The Joint Center for Political and Economic Studies devotes its Technology Policy Program to exploring the impact and potential policy solutions that could improve digital outcomes for Black communities. In Joint Center’s latest publication on expanding rural broadband access in the rural South, Dr. Dominique Harrison documents persistent digital divides in 152 rural counties in the southern region of the U.S. with African American populations of 35 percent or more.
In the “Black Rural South,” approximately 38 percent of African Americans do not have access to home internet and may lack a computing device to benefit from nearby broadband connections. On July 28, 2021, the Joint Center invited tech policy experts to discuss potential solutions. The speakers included:
- Majority Whip James E. Clyburn, U.S. Congressman D-SC 6th District
- Mignon Clyburn, first Chairwoman & former FCC Commissioner
- Geoffrey Starks, Commissioner, Federal Communications Commission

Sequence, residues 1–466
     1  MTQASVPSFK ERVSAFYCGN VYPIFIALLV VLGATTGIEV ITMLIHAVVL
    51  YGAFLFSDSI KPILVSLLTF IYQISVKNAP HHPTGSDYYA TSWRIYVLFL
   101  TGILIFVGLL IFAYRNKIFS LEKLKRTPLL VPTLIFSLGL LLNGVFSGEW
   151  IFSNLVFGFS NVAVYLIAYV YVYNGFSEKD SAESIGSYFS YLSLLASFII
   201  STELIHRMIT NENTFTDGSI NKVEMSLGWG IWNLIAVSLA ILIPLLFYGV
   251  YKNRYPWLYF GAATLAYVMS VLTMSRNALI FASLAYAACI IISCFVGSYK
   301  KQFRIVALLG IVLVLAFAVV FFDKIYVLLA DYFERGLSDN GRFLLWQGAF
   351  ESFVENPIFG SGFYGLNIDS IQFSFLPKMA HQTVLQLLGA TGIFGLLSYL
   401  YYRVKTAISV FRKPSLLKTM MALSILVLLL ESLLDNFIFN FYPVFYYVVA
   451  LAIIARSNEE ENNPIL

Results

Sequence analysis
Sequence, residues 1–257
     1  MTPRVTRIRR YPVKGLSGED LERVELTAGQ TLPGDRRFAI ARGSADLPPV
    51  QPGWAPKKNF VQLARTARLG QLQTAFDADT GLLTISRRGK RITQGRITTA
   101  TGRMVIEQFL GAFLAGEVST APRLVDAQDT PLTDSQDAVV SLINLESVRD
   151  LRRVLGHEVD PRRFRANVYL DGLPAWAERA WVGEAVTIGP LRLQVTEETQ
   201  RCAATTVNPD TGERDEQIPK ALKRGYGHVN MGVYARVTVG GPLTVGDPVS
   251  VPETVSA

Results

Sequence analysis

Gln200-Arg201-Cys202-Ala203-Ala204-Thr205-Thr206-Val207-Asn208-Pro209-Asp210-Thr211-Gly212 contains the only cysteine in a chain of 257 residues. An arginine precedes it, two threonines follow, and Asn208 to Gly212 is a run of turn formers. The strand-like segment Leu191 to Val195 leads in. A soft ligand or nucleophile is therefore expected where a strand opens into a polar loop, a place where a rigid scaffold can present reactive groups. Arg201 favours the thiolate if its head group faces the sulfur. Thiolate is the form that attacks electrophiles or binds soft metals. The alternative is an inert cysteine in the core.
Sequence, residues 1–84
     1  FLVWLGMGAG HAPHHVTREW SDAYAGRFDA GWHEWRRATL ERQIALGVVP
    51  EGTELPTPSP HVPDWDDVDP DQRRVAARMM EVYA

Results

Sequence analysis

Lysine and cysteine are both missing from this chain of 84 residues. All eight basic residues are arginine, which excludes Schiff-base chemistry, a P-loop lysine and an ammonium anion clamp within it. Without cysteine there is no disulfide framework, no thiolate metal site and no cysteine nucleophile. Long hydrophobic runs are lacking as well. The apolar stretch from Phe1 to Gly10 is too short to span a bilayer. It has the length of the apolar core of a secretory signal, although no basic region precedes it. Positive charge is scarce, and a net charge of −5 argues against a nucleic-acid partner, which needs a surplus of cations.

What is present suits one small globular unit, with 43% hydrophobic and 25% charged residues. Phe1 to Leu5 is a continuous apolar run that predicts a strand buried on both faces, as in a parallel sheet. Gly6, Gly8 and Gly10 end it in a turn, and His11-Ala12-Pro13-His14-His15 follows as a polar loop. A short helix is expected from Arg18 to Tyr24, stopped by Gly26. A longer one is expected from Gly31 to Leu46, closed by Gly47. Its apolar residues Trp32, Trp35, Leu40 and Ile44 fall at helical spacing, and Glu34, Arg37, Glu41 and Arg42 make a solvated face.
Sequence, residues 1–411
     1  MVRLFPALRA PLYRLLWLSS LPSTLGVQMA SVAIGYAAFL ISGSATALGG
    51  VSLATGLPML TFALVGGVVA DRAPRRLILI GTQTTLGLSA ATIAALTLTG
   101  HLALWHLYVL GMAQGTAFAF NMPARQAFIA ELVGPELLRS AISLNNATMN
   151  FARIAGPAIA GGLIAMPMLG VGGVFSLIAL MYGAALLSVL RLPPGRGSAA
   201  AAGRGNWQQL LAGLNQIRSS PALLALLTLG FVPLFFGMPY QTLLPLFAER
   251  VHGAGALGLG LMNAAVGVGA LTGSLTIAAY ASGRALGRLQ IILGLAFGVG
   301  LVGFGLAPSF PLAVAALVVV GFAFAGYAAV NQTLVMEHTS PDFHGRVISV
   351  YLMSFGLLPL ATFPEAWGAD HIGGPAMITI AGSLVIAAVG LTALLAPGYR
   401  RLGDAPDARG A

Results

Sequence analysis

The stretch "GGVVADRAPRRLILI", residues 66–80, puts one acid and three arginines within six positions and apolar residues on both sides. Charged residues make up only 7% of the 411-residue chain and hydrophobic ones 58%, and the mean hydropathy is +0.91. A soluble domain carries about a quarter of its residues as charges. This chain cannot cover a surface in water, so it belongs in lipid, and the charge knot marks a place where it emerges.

- Francella Ochillo, Executive Director, Next Century Cities
- Dr. Dominique Harrison, Joint Center for Political and Economic Studies (Moderator)
Francella emphasized why local officials, particularly in the Black rural south, need access to a wide variety of technology options, funding sources, and partnerships to be able to deploy broadband infrastructure and long-term community outreach strategies. She also highlighted direct connections between poverty and the digital divide.
Other panelists explained the need for more competition in the broadband marketplace, new interest in soliciting community-level perspectives, and recent federal efforts to expand broadband funding. In closing, Francella reiterated why federal and state broadband policies and funding programs are more effective when local leaders are invited in as thought partners during the ideation phase.
Read more about Joint Center’s research findings here.